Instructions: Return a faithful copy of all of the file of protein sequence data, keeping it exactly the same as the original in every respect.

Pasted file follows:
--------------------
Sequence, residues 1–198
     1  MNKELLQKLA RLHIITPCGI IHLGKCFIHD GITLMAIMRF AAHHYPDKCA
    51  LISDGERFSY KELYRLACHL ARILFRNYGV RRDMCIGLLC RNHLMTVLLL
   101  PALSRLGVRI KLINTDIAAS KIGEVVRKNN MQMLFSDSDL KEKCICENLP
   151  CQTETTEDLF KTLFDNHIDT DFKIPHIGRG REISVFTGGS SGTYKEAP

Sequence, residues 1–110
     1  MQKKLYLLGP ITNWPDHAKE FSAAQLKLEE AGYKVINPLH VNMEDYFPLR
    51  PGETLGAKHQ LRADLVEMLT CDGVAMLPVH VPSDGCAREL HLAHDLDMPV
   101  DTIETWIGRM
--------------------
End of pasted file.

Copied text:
Sequence, residues 1–198
     1  MNKELLQKLA RLHIITPCGI IHLGKCFIHD GITLMAIMRF AAHHYPDKCA
    51  LISDGERFSY KELYRLACHL ARILFRNYGV RRDMCIGLLC RNHLMTVLLL
   101  PALSRLGVRI KLINTDIAAS KIGEVVRKNN MQMLFSDSDL KEKCICENLP
   151  CQTETTEDLF KTLFDNHIDT DFKIPHIGRG REISVFTGGS SGTYKEAP

Sequence, residues 1–110
     1  MQKKLYLLGP ITNWPDHAKE FSAAQLKLEE AGYKVINPLH VNMEDYFPLR
    51  PGETLGAKHQ LRADLVEMLT CDGVAMLPVH VPSDGCAREL HLAHDLDMPV
   101  DTIETWIGRM